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Eset failed to stop ransomware


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We recently fell victim to a ransomware attack. The attack began on a user's PC that was protected with Eset 6. The remote admin console shows us that this machine was hit 20 times with something called Win32/Filecoder.NPA and that it was leaving an exe called f-new on the user's desktop. Eset claimed it was finding this infection and deleting it each time. The infection succeeded anyway as right after that server encryption began. Curious as to why Eset failed to stop this attack even though it noticed it. We have kept the infected desktop off the network after the attack and have not touched it since. What steps can we take to discover how the attack was successful and why Eset failed to stop it?

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First of all, please collect logs with ELC and drop me a message with the generated archive attached. The last Filecoder.NPA we've got is from January 2018. It could be that an attacker remoted in via RDP and disabled protection prior to running the ransomware. The logs should shed more light.

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Logs are uploaded. Sent them in a personal message. Since this attack happened we were hit again with something called Nestsha.A as well. Eset caught this attempt except for 5 times when it said "error while performing action" and then this attack moved from that desktop to hit servers.

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2 hours ago, winstonsmith84 said:

Since this attack happened we were hit again with something called Nestsha.A as well

It has worm like characteristics, hence the movement throughout the network. On the desktop that was attacked initially, did you verify that all Eset protections were enabled? That is, the firewall was not in a paused state, etc..?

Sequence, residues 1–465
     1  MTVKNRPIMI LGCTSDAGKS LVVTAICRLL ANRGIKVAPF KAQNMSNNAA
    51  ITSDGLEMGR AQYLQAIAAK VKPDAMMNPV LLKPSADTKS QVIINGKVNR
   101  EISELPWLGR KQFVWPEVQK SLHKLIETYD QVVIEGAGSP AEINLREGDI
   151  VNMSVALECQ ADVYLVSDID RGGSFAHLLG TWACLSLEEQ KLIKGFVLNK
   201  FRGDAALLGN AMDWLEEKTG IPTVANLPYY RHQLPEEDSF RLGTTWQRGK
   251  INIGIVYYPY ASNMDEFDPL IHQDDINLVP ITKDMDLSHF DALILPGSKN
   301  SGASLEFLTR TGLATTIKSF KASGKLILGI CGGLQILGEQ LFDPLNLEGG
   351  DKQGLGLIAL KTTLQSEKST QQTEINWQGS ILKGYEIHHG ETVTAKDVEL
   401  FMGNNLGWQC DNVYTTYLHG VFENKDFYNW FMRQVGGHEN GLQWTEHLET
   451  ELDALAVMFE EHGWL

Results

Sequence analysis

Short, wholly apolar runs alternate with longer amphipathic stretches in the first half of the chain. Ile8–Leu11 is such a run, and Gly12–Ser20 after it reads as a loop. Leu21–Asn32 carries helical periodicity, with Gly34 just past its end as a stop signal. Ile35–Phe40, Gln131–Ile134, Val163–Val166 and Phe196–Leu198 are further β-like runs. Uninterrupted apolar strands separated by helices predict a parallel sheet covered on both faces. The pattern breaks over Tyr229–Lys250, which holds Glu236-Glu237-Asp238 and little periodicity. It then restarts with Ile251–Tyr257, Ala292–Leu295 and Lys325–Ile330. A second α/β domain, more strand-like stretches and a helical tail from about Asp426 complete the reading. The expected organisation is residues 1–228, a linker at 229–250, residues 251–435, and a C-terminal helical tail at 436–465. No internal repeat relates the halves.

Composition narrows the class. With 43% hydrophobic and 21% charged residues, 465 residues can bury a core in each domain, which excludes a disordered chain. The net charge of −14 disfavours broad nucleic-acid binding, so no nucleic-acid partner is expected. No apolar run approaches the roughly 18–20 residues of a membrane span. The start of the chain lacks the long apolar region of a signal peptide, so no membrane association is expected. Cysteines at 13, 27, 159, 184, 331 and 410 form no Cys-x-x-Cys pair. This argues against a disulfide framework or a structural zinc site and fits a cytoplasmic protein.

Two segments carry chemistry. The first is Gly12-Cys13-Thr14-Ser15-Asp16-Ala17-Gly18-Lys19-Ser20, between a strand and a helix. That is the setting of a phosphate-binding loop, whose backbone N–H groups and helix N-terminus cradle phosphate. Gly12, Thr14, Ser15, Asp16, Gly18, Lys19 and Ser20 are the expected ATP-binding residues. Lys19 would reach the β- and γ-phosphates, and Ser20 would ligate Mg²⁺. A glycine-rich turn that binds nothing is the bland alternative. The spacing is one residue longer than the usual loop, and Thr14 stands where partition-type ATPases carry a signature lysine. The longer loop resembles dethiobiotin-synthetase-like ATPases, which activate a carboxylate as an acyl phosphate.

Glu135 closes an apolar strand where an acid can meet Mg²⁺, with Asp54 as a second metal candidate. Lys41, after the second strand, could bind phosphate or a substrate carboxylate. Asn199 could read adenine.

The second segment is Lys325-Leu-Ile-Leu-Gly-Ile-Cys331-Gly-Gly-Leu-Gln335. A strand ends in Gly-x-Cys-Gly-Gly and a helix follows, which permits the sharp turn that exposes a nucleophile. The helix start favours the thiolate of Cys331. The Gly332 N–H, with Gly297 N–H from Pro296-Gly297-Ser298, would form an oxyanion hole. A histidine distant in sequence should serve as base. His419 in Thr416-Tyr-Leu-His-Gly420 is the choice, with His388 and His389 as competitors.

Also if you have RDP enabled on the workstations, you need to read this: https://forum.eset.com/topic/14929-eset-server-users-you-need-to-patch-now/

Edited by itman
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17 hours ago, itman said:

did you verify that all Eset protections were enabled

This is not the first instance when users complained about "eset failed to stop ransomware" and the question was always the same: "all Eset protections were enabled?"

Once enabled (an most likely they were), eset protection should stay and remain enabled; is difficult if not imposible for user to constantly check if "all eset protections are enabled"

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1 minute ago, MSE said:

This is not the first instance when users complained about "eset failed to stop ransomware" and the question was always the same: "all Eset protections were enabled?"

No. Being explored presently but not yet confirmed in any of these instances is if Eset's protections could have been disabled by the attacker via the Eset GUI.

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According to the log, the ransomware was run from a remote share  (desktop) \\Masterserver\Users\kiek\desktop\f-new.exe and was accessed by explorer.exe. This had been happening between 5:35:26 and 5:36:27 on March 10. My understanding is that an attacker already copied the ransomware to the above mentioned desktop, then connected to this computer and attempted to start it via Windows Explorer. It had been blocked several times by ESET until the attacker disabled real-time protection to allow the ransomware to run.

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2 hours ago, Marcos said:

It had been blocked several times by ESET until the attacker disabled real-time protection

How do you know that " the attacker disabled real-time protection" and to the ransomware itself????

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2 hours ago, Marcos said:

It had been blocked several times by ESET until the attacker disabled real-time protection to allow the ransomware to run.

I am assuming in this attack the workstation's Eset GUI was not password protected?